SNP in the vitamin D receptor (VDR) gene is associated with risk of lower respiratory infections. The influence of genetic variation in the vitamin D pathway resulting in susceptibility to upper respiratory infections (URI) has not been investigated. We evaluated the influence of thirty-three SNP in eleven vitamin D pathway genes (DBP, DHCR7, RXRA, CYP2R1, CYP27B1, CYP24A1, CYP3A4, CYP27A1, LRP2, CUBN and VDR) resulting in URI risk in 725 adults in London, UK, using an additive model with adjustment for potential confounders and correction for multiple comparisons. Significant associations in this cohort were investigated in a validation cohort of 737 children in Manchester, UK. In all, three SNP in VDR (rs4334089, rs11568820 and rs7970314) and one SNP in CYP3A4 (rs2740574) were associated with risk of URI in the discovery cohort after adjusting for potential confounders and correcting for multiple comparisons (adjusted incidence rate ratio per additional minor allele ≥1·15, Pfor trend ≤0·030). This association was replicated for rs4334089 in the validation cohort (Pfor trend=0·048) but not for rs11568820, rs7970314 or rs2740574. Carriage of the minor allele of the rs4334089 SNP in VDR was associated with increased susceptibility to URI in children and adult cohorts in the United Kingdom.
Citizenship is undoubtedly one of the more contentious issues in Myanmar today. Much of the discussion focuses on the boundaries of national inclusion, of deciding which groups are officially considered citizens, either according to the 1982 Citizenship Law or according to various other metrics. Most prominent in these discussions is the status of the Rohingya, but the subject is also relevant for other groups on the margins that might either be in danger of being excluded in the future or might be considered for inclusion in the future (such as some Chinese populations). While this is an important aspect of Myanmar's contemporary politics, this chapter focuses instead on an aspect of citizenship that is often ignored: its practice.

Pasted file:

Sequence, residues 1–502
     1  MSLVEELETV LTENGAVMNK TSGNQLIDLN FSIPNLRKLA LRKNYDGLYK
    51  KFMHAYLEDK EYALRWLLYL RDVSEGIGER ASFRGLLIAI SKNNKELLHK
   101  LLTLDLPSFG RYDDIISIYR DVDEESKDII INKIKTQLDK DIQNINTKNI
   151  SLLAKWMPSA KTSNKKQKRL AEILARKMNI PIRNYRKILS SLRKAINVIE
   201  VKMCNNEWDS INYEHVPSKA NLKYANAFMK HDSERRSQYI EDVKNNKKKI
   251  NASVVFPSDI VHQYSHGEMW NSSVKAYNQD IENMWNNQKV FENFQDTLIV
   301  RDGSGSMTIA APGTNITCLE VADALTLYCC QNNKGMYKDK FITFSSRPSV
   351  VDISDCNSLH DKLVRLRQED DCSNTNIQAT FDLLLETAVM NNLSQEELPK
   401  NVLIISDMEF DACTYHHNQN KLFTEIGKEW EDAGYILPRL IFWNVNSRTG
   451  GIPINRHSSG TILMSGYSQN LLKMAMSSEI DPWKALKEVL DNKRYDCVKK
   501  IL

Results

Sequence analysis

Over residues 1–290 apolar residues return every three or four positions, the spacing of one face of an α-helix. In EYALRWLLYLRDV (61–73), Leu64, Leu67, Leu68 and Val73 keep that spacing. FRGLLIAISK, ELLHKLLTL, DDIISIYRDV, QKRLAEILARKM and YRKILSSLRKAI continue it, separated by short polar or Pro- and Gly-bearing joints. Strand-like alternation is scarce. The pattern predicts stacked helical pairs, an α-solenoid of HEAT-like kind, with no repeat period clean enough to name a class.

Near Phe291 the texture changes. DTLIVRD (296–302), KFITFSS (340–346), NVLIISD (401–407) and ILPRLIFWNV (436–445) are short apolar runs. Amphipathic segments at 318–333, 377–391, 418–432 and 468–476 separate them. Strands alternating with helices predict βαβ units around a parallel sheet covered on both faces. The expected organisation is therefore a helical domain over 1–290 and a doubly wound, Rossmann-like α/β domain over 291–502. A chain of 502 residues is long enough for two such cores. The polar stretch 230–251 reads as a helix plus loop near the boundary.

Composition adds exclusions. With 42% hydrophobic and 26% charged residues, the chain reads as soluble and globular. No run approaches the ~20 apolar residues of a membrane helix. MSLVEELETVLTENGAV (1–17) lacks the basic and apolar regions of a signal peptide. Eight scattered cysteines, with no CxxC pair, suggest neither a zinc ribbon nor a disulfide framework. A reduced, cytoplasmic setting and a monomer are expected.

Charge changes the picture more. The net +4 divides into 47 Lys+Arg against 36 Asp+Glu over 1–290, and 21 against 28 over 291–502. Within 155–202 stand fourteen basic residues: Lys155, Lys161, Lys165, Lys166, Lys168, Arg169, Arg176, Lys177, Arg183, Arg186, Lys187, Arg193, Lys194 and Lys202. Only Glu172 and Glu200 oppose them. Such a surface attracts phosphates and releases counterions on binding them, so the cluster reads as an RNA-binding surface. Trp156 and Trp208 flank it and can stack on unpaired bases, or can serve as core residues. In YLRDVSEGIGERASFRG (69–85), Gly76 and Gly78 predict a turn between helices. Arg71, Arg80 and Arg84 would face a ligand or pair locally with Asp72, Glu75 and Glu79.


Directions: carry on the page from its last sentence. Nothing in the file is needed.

The practice of citizenship would include various perspectives on what citizenship entails (the different rights and responsibilities), the roles of state and civil society groups in fostering citizenship, and expectations of citizen participation. This latter category refers not only to ways in which citizens would expect to be able to participate in the political process, but also expectations of the state in facilitating that participation. A discussion of the practice of citizenship should also include attention to the many “skills” of citizenship that go beyond basic rights and responsibilities. While these are potentially applicable to all citizens, this chapter seeks to highlight the ways in which differently positioned individuals might be expected to develop and display different citizenship skills, especially government officials.
Developing a broader understanding of a diverse range of citizenship skills and practices is particularly important in the context of Myanmar's rapid political change. Since at least the 2008 constitutional referendum, the country's citizens have been expected to participate in politics in a variety of ways that were not only not available to them previously, they were actively denied by military-led governments. The result is a situation in which the meaning and content of citizenship is either limited among citizens or expressed in ways that do not necessarily accord with centralized notions of citizenship and participation in Myanmar or with international norms.
An instructive example can be found in a series of studies on citizenship conducted by the research and education organization Myanmar Egress. The researchers note that for field work in 2012 and 2013, they found it necessary to focus on educated middle and lower class respondents.